It’s VJ-Day, marking 77 years of the surrender of Imperial Japan and the end of World War Two. Join us for a quick tour of our Asian cemeteries & memorials to mark the occasion.
CWGC Asian WW2 cemeteries & memorials to visit
Why are there World War Two war graves throughout Asia?
The war in the FaR East
Imperial Japan had begun expansionist efforts to control much of East and South Asia with the invasion of China in 1937.
On 22nd September 1940, the Japanese Empire invaded French Indochina (covering parts of modern-day China, Laos, Cambodia, and Vietnam). It signed the Tripartite Pact with Nazi Germany and Fascist Italy five days later, marking Imperial Japan’s official entry into the war.
A surprise attack on Pearl Harbour, Hawaii, on December 7th, 1941, caught the United States off guard. More Japanese offensives would be launched near-simultaneously, with invasions of the Philippines, Thailand, and Hong Kong resulting in victory after victory.
For the British, the darkest hour of the Pacific Campaign came in February. 1942 with the Fall of Singapore.
Turning the tide
Image: © IWM HU 88980
By 1942, Imperial Japan had carved out an empire stretching from the home islands in the northern Pacific to Borneo and Indonesia in the south.
However, with limited resources and heavy industry compared with its opponents, the once all-conquering Imperial Japanese army was beginning to be overstretched. The United States had begun turning its considerable economic and military might towards the Pacific, while Britain was able to start reorganising and orchestrating its forces to begin the fight back to protect its Far East interests and territories.
Starting with Australian troops’ victory over Japanese Marines at the Battle of Milne Bay, New Guinea in September 1942, the first land victory of the Pacific War, the tide would begin to roll back.
Victory in Asia was still a long, tough slog for all combatants. The Burmese Campaign, featuring the largest British Army of the war, would last from 1942 to 1945, for example.
Millions of men from the UK, India, Australia, New Zealand, Canada, and Pacific Territories like Fiji and New Guinea, fought hard battles alongside comrades from the US, China, and The Netherlands, to push back an enemy that very often refused to surrender.
The war in the Far East would end with the 6th and 9th August 1945 atomic bombings of Hiroshima and Nagasaki by the US. Following these epochal events, Emperor Hirohito announced Imperial Japan’s formal surrender on August 15th.
While the Instrument of Surrender would be formally signed on 2nd September, August 15th remains the day we mark VJ-Day.
Who fought in the Far East?
The British Empire sent men from all over the world to fight in Asia. For Dominions like Australia, India, and New Zealand, the Imperial Japanese marked an existential threat. Invasion was a very real possibility. and indeed, the Japanese did try to invade northern India during the war.
British and Empire troops would fight in key battlefields across Asia, including the Solomon Islands, Borneo, New Guinea, and Burma (now Myanmar). Throughout these campaigns, these forces would be supported by troops from around the region. Fijians and the peoples of Borneo, New Guinea, and similar nations were integral to the war effort.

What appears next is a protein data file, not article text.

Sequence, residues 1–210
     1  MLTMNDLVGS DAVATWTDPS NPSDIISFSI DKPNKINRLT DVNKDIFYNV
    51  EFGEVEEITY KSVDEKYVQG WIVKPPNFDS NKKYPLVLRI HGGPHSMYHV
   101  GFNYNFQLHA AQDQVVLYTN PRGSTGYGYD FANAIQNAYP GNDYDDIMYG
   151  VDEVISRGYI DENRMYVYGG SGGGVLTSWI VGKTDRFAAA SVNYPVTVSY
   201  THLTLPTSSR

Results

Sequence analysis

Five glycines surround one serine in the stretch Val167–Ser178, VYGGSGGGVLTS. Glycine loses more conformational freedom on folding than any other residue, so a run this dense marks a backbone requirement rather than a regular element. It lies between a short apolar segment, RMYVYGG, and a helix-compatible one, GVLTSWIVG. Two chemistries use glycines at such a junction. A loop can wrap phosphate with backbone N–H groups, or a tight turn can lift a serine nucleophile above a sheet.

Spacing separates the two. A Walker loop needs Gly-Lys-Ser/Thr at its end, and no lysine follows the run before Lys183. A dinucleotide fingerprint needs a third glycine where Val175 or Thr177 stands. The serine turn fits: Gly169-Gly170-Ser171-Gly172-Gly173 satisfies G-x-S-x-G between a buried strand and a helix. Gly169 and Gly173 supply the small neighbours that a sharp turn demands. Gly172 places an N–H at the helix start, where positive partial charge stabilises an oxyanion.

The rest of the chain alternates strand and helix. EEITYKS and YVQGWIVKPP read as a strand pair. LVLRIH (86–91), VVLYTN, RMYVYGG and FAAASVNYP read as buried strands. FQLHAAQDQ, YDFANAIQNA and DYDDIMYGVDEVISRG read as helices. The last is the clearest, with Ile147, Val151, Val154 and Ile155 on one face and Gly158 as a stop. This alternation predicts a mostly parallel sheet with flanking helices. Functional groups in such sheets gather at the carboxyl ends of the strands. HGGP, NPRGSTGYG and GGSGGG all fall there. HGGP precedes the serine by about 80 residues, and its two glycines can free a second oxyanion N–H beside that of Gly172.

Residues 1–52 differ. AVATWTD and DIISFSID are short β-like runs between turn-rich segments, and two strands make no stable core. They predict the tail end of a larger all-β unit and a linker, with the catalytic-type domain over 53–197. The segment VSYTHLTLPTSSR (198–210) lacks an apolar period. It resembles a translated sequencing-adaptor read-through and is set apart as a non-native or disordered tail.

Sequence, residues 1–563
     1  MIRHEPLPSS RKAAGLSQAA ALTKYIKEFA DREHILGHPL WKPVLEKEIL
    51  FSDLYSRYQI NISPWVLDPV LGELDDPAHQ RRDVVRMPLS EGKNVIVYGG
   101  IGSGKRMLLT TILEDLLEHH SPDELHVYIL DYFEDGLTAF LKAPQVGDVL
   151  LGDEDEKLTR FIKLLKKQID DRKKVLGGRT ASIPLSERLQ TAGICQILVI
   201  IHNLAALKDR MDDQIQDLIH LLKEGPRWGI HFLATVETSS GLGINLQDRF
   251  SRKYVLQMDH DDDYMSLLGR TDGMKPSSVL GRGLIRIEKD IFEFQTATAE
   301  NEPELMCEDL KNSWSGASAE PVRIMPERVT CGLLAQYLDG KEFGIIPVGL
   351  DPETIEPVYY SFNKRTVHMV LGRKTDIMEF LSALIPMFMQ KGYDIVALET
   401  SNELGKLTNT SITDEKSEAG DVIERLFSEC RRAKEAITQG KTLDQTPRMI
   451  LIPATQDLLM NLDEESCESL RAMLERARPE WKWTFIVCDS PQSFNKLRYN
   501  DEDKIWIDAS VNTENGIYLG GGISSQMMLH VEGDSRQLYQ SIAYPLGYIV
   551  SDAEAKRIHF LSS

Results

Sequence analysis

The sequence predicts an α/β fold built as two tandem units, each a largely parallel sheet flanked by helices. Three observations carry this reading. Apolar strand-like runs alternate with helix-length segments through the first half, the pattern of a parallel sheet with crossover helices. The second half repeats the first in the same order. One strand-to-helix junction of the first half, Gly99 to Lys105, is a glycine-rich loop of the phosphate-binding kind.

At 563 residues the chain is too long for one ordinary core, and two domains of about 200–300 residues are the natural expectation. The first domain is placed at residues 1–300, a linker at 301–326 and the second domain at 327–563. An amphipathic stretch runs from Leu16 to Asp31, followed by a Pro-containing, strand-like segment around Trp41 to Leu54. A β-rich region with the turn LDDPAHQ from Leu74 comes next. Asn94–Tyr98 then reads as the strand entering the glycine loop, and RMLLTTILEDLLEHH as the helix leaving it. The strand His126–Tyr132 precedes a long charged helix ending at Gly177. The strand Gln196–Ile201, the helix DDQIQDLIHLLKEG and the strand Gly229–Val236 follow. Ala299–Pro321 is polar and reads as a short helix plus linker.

Where are our Asian war graves?
The fighting in Asia covered a huge geographic span, reaching from Okinawa and Japan itself, including air raids, to mainland China, Burma, Thailand, Indonesia, and a multitude of Pacific Islands.
Because our focus is on the Commonwealth and its armed forces, you will find our war graves, cemeteries, and memorials in locations where these men and women served. This includes high in the mountains of Northeast India, across Myanmar, and throughout the islands and nations of the South Pacific. We even maintain war graves in Japan.
Commonwealth War Graves Commission sites in Asia
Here’s just a handful of our sites throughout Asia. We look after many cemeteries and memorials throughout Asia, located close to or on some of the Pacific’s key battlefields.
Yokohama War Cemetery, Japan
Nestled in one of the busiest urban areas in the world sits a green oasis of peaceful calm. Although not laid out like a traditional Japanese zen garden, the Yokohama War Cemetery offers a similar feeling of peace and serenity.
For the roughly 500 burials here, their peaceful surroundings belie the exceptionally trying conditions of their deaths. The bulk of men commemorated at Yokohama were unfortunately prisoners of war. Imperial Japanese treatment of POWs was particularly brutal. Many of these men would have been starved, tortured, and worked to death.
Yokohama is split into four sections: UK, New Zealand, Australian, and Canadian. Within the grounds of the cemetery, you will also find the Yokohama Cremation Memorial. This shrine holds the ashes of 335 sailors, airmen, and soldiers of the Commonwealth, US, and The Netherlands who died as POWs in Japan. Their names, apart from around 50 who are currently unidentified, are inscribed on the shrine’s walls.
The Yokohama Memorial commemorates 20 servicemen of the Army of Undivided India and Royal Indian Air Force who died during the post-war occupation of Japan that have no known grave.
The lone non-war burial at Yokohama belongs to a true supporter of the Commission: Len Harrop MBE. Len was a former soldier who was Guardian of Yokohama War Cemetery for over three decades. He lies alongside his former charges who he cared for for so long.
Kranji War Cemetery, Singapore
Nearly 4.500 World War Two burials can be found in Kranji War Cemetery. The service people represented here are a mixture of Commonwealth troops and Chinese allies that died during the Japanese occupation of Singapore in 1942.